What would the United States be like today if France, Spain, and Britain had held on to their territories in North America, except for the thirteen British colonies that became the United States after the American Revolution.
Suppose: Napoleon didn’t cash out the huge chunk of North America we call the Louisiana Purchase; Britain folded what our history books call the Northwest Territory (but today we think of as the Upper Midwest) and Oregon, Washington, and the neighboring states to the east into Canada; and Spain and Mexico worked it out so Spain or Mexico got California, Texas, Florida, and the Gadsden Purchase.
Imagine if the entire United States of America was a contiguous landmass that included the Atlantic coast from Maine to Georgia and west to roughly the Appalachian Mountains. It would not be long before some of those newly minted, post-Revolution U.S. citizens would push away from the Atlantic coast and into the piedmont region until they bumped up against French, Spanish, and British territorial lands. In this scenario, the U.S. citizens would be neighbors with Spanish-Americans, French-Americans, and British-Americans. If and until those North American colonies broke from their respective empires to establish independent nations, the United States would be the least robust of those countries in terms of our economy, military, landmass, and resources.
Given its Atlantic location, America’s immigrants would be primarily Europeans who would come to North America voluntarily for economic opportunity and security from oppression and warfare. The next largest group to arrive would be Africans brought here as slaves.
France abolished African slavery in 1794; Britain in 1833; and Spain ended slavery in North America and the Caribbean by 1886. However, in addition to African slaves, we need to consider the history of enslaving indigenous people. Spain was the most egregious of the European powers holding colonies in the Americas. France had a more egalitarian view than either Britain or Spain and was more accepting of indigenous people. The British and we Americans generally resisted embracing the indigenous people. In all cases, though, the indigenous people in North America and the immigrants to their territories would either accept or resist sharing the land – and would do so either peacefully or through warfare.
I wonder if the American impulse to Manifest Destiny would have been curtailed if over half of North America had not been available for westward expansion? If European empires had held their North American territories, the United States would have tidied up its limited available territory into states, probably following the borders established by the former colonies and – here comes some wishful thinking – given Post-Revolutionary War immigration and internal migration patterns, most of the inhabitants of those new states would not have a tradition of slave-owning. By 1804, slavery was banned in the original northern Colonies, and in 1808, the importation of slaves to the United States was banned.
But if the United States did expand its territory westward, what would it do about slavery? By the middle of the 19th century, America faced a significant cause for the Civil War: would slavery be allowed in the new states created from some of the territories acquired by the United States by the mid-Nineteenth Century? If, as I consider above, those territories were not available for the potential expansion of slavery, would slavery in the United States have survived the European abolition of slavery and our home-grown abolition movement?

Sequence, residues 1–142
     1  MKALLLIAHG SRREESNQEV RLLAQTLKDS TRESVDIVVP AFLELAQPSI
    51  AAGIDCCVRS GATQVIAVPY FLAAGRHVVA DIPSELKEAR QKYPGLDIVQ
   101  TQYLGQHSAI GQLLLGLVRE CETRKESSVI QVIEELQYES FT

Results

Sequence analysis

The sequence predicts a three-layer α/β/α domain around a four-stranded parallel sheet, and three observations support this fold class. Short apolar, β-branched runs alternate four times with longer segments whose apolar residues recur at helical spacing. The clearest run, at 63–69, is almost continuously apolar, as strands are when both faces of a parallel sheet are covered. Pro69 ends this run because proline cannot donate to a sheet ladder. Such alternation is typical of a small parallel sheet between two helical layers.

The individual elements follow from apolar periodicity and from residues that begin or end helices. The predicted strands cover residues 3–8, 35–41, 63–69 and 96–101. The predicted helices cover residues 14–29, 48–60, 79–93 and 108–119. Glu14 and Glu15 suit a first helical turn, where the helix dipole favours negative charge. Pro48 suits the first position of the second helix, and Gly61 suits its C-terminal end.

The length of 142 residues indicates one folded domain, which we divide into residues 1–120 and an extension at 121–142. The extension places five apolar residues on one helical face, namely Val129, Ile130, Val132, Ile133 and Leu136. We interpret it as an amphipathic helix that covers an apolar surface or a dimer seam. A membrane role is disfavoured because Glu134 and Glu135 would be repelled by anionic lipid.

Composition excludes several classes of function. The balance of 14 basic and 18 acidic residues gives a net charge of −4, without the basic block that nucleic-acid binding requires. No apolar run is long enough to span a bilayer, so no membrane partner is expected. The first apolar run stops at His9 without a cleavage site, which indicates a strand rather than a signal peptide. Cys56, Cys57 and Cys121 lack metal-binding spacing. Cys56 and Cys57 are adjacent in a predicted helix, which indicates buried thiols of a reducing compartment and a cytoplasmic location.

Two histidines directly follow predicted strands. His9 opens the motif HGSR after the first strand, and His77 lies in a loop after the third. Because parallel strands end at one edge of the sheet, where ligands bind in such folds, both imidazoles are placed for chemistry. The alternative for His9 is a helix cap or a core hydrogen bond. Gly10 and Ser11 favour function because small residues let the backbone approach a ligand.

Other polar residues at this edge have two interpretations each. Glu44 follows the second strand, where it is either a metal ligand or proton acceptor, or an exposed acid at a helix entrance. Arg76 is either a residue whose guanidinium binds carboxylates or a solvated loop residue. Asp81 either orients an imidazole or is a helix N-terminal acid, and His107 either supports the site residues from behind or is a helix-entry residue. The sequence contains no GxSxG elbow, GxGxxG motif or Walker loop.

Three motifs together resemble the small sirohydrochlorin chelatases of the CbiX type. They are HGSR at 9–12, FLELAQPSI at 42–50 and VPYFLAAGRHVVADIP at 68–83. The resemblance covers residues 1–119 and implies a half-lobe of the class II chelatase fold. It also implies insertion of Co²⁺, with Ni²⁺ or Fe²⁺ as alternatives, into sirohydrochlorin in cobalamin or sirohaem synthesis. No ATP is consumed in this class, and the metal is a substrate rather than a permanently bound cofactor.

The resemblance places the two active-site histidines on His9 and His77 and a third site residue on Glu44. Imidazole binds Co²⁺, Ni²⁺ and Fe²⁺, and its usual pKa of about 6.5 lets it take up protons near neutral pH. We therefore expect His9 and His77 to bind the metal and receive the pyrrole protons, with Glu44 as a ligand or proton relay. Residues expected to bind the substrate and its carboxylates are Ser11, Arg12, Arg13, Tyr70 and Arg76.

If the northern senators did not have to compromise with the southern Senators on slavery in order to bring new states into the union, would abolitionist sentiments have prevailed and would slavery have been outlawed nationwide by 1808? If slaves were freed before the massive plantation economy took over the southern states, would land-holdings have been smaller, thereby extending land ownership to more people? This expansion of land ownership could have slowed the pernicious class divides in the south during the 19th and 20th centuries. The concentration of wealth into the hands of relatively few white southerners, supported by the unregulated, unpaid labor of millions of captive black Africans structured the unequal power of the classes in America, both black and white.
This inequality contributes to racism by giving disenfranchised white Americans motive to scapegoat black Americans. Extending by 50+ years the legal enslavement of black Americans after the 1808 law forbidding the importation of slaves, and continuing the Jim Crow subjugation, humiliation, and terrorizing of black Americans for another 150+ years after the 1863 Emancipation Proclamation, has created a country so divided by racial bigotry that it is hard to imagine that it can ever be unified.
So, here we are. In a country divided by class and race. In a country which, when we had the chance to believe our rhetoric about equality, chose instead to codify and institutionalize racism. A country that, when European competitors for North America chose to step away, raced to fill the land from ocean to ocean, brutally displacing indigenous people and spreading slavery whenever there was an opportunity and perceived economic advantage to do so.
We Americans are no more entrepreneurial, inventive, stalwart, courageous, or intelligent than anyone else. But we have been taught that we are exceptional and that we are entitled to take what we want; be it territory, resources, another’s labor, another’s dignity, another’s life.
And now we have a government which, more than any in my six-decade memory, validates our worst behaviors.